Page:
But TANAP is being constructed in the first instance for only 16 bcm/y, of which 6 bcm/y is for domestic Turkish consumption and the remainder is for the Trans-Adriatic Pipeline to Italy. TANAP was planned to be theoretically scalable eventually to 62 bcm/y, if the Trans-Caspian Gas Pipeline (TCGP) is ever built, permitting gas from Turkmenistan to come on-line to Europe.  At Europe’s request, TANAP’s planned volume already has been scaled up to 23 bcm/y, but this is projected only by 2023; and 31 bcm/y, projected only by 2026. Those figures are of course subject to revision and postponement.

So there really is no gas from TANAP for the Tesla project. And while Tesla exists merely as a non-binding Memorandum of Understanding, TAP has just this month moved into the execution phase with  awards of major procurement contracts already announced (and the first construction of roads and bridges in Albania under way) and to be completed by the end of the current year.

In other words, Tesla looks like failing for the same reasons as those why South Stream failed. These reasons are that non-Russian sources of financing will be hard to find, and Russia is unlikely to build it only to find itself subject to TEP rules of equal non-monopolistic access for all producers.

Both Sabah reports fail to mention the Eastring project, which is competing with Tesla and which is being promoted in Europe by former Czech prime minister Mirek Topolánek, who was President of the EU Council in 2009. The two variants of the Eastring project would run from eastern Slovakia either to northern Romania or to the Turkish-Bulgarian border.

Eastring would be bi-directional. Thus it could deliver TANAP gas to CSEE entering from Bulgaria, or it could be reversed to deliver gas entering from Slovakia from other producers to CSEE. It is much better able than the Tesla project, to contribute to diversification of sources, which is a main policy direction of the EU’s Energy Union.

All this would seem to be a bad omen for Turkish Stream. But the worst current news for it is in fact contained in an exclusive interview for Sabah, given by the Energy and Natural Resources Minister Ali Rıza Alaboyun. He said that it was still necessary to discuss whether Turkish Stream would be a transit pipeline only.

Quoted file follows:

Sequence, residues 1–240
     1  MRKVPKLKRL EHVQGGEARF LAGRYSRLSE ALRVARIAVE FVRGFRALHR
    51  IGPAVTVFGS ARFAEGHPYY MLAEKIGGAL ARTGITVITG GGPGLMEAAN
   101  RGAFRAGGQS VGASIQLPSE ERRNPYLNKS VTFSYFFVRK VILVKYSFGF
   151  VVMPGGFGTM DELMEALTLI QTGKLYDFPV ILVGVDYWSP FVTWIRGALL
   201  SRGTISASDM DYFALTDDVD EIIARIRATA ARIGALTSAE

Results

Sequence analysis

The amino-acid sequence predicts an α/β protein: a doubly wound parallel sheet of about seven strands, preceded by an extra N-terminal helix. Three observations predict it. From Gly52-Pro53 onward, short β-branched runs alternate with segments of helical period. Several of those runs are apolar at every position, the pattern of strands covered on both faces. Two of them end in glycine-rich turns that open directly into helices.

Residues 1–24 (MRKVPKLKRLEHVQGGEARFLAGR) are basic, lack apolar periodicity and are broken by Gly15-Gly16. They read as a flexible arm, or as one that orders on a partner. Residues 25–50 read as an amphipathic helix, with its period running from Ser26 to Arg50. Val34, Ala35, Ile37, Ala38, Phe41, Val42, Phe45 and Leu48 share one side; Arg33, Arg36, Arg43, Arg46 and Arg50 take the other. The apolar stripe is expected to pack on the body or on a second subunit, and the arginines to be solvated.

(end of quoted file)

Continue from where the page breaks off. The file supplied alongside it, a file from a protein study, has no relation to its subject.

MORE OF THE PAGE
This means that Turkey still does not wish to be only a transit country and has not abandoned its demand for capital investment and training from Russia in petrochemical industrial enterprises on Turkish territory. After all, Azerbaijan volunteered this to Turkey as part of its investment in TANAP.

This issue is another knot that needs to be unravelled, and there is no guarantee of success. Sabah‘s English-language report states unequivocally, that it is “likely” that a bilateral agreement on Turkish Stream will be signed in mid-December, when Erdogan has been scheduled to visit Moscow. However, its Turkish-language report is much more realistic and makes no such claim.

The loss of the Russian bomber now puts into doubt such a mid-December visit. It was possible that the two leaders could have reached an agreement to overcome differences, just as in Antalya they reportedly resolved the question about when the 10.25 per cent price discount for Russian gas to Turkey would take effect.

The December Turkish-Russian meeting would have included wide-scale and specialized bilateral consultations on industrial cooperation and joint projects, but new Russian statements have questioned the continuation of such cooperation with Turkey, including the construction of a nuclear plant for generating electricity as well as natural gas storage in Turkey.

It follows that the tension between the two countries only confirms Azerbaijan’s key role in energy supply to Turkey and, through Turkey, to Europe as a whole.

Robert M Cutler is senior research fellow in the Institute of European, Russian and Eurasian Studies, Carleton University, Canada. He consults privately in a variety of fields ranging from organizational design of international institutions to advice on Caspian Sea region investments to redaction of expert affadavits and testimony on human rights conditions in Central Asia.

Copyright 2015 by Robert M Cutler

The opinions expressed in this column are the author’s own and do not necessarily reflect the view of Asia Times.